Next week, two familiar faces will greet “Jeopardy!” viewers – Brad Jutter and Ken Jennings (the two most winningest champions in the history of the show) – and one computer screen with a black, rotating orb on it.
Ladies and gentlemen, meet Watson.
Watson is the new super computer developed by IBM, coming just 14 years after the company’s former super-computer, Deep Blue, defeated the reigning world champion in chess, Garry Kasparov. However, unlike Deep Blue, Watson has been fed thousands and thousands of pages from resource texts, novels, plays, movies and countless other pieces of pop and human culture memorabilia to make Watson as human as possible. As a result, while the computer will appear as a rotating orb on TV, it is actually the size of many refrigerators and takes up an entire room.
Although the computer has been fed decades of relics of human culture and history, it is unclear if Watson will be able to deal with the complex linguistic and cultural phrases that the show is usually so notorious for. Not to mention the trouble it could have buzzing at exactly the right time. (No word yet if Watson will have opposable thumbs.) This is an especially important trait since, according to famous Jeopardy champion Ken Jennings’ website, the winner of the show isn’t necessarily the most intelligent competitor; rather, it is the one with the quickest thumb.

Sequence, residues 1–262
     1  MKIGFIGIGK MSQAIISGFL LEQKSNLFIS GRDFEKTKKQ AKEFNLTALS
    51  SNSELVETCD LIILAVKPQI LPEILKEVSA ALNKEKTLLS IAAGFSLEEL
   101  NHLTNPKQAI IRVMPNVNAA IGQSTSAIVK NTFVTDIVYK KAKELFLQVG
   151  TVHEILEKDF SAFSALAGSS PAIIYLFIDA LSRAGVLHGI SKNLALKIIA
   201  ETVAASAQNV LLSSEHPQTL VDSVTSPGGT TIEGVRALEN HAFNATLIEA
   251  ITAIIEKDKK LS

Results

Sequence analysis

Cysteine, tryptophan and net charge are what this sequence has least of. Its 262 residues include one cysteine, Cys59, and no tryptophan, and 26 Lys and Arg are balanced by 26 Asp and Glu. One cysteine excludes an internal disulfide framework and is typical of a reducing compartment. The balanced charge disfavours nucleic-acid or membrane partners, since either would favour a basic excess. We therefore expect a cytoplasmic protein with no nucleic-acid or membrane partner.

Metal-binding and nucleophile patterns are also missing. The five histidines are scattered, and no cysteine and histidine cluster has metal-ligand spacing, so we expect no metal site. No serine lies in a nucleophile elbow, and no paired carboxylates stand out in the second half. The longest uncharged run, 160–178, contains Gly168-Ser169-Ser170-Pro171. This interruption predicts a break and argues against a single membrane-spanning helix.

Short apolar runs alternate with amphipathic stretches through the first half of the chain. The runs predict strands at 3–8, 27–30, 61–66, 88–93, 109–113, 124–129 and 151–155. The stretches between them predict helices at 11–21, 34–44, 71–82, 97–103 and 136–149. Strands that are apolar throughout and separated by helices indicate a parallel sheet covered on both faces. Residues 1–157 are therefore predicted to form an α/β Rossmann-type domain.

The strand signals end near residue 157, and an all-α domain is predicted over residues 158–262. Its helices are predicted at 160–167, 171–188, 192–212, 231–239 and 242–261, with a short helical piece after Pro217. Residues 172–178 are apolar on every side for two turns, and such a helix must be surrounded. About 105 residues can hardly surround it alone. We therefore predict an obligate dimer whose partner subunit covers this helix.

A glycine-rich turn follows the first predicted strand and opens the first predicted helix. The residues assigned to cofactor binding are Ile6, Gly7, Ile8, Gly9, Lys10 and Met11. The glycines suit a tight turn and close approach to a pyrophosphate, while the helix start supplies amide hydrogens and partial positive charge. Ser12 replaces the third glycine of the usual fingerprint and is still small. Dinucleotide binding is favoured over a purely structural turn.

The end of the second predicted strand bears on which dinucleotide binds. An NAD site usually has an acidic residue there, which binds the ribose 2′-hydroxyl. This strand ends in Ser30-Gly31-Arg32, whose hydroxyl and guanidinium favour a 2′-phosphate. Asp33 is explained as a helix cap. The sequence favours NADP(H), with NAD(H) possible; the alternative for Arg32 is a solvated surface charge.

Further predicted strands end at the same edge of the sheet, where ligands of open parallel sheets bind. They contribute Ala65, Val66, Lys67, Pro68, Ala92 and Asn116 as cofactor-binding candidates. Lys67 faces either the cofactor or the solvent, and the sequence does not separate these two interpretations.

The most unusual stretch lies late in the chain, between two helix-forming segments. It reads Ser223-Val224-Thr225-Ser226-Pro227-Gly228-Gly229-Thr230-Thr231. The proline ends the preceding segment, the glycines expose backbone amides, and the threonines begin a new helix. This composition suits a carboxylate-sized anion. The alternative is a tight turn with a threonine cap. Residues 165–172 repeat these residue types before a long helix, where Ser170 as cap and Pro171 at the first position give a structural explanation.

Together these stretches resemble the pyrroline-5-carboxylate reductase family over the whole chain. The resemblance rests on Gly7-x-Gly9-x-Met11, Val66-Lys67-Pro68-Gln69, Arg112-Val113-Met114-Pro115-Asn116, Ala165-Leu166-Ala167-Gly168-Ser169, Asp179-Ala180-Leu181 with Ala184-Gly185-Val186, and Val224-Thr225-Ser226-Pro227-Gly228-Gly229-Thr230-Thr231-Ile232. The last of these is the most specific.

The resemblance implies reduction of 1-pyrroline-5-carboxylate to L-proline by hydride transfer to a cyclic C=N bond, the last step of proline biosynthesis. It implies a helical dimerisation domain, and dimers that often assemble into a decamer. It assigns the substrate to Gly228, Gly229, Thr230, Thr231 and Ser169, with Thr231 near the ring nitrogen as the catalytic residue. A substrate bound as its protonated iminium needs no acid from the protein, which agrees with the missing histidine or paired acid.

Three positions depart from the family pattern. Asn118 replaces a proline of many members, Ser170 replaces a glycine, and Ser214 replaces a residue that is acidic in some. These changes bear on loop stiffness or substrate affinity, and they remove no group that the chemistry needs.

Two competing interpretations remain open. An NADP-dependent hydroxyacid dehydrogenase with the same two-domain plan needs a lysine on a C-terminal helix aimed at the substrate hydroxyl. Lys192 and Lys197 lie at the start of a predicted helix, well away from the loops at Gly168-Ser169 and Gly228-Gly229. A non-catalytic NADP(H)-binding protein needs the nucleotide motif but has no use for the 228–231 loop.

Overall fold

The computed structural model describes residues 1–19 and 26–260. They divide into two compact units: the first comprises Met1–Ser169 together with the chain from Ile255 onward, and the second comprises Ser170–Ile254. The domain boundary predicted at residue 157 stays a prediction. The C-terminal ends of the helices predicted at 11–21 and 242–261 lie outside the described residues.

Of course, all these theories will come into play when the Watson episode airs next week. Yet, regardless of game’s outcome, one thing is certain: The very development of Watson, and the machine’s ability to compete at a highly human level, demonstrates the leaps and bounds by which our technology, and its ability to create effective artificially intelligent machines, has grown since the turn of the century.
After all, in just 14 short years, some of the country’s brightest computer engineers and programmers have been able to move forward from a computer that can simply beat the reigning world chess champion to one that can correctly answer “Jeopardy!” questions 90 percent of the time. I mean, don’t get me wrong, chess is a ridiculously hard game (the last time I played, my younger brother of five years destroyed me, so I’m really not in the position to judge anyone if they lose). But with all its tricky, complex clues, “Jeopardy!” is even tougher.
If Watson wins next week, it will undoubtedly make headlines around the country. And someone, somewhere, will bring up that horrible 2001 Steven Spielberg movie starring Haley Joel Osment, declaring that we are headed in that direction and it is only a matter of time before we develop freaky robotic children who try and kill our real kids before moving on to all members of human civilization – I can hear Glenn Beck blaming Obama already.
If Watson doesn’t win, of course, society’s faith in the superior intellect of the human mind will be confirmed. However, for how long? Eventually, it’s likely that some computer genius will eventually develop a computer with enough smarts to beat “Jeopardy!” champions or whatever other feat the entertainment or gaming industry provides.
That doesn’t have to be scary, though. Instead, we can move our society forward through the use of such machines and ultimately improve because of them. Provided, of course, they don’t malfunction, develop their own cognitive reasoning skills and try to kill us or anything.
Rachel Vesco is a senior majoring in journalism, political science and Facebook stalking. For future column ideas, email firstname.lastname@example.org (or find her on Facebook).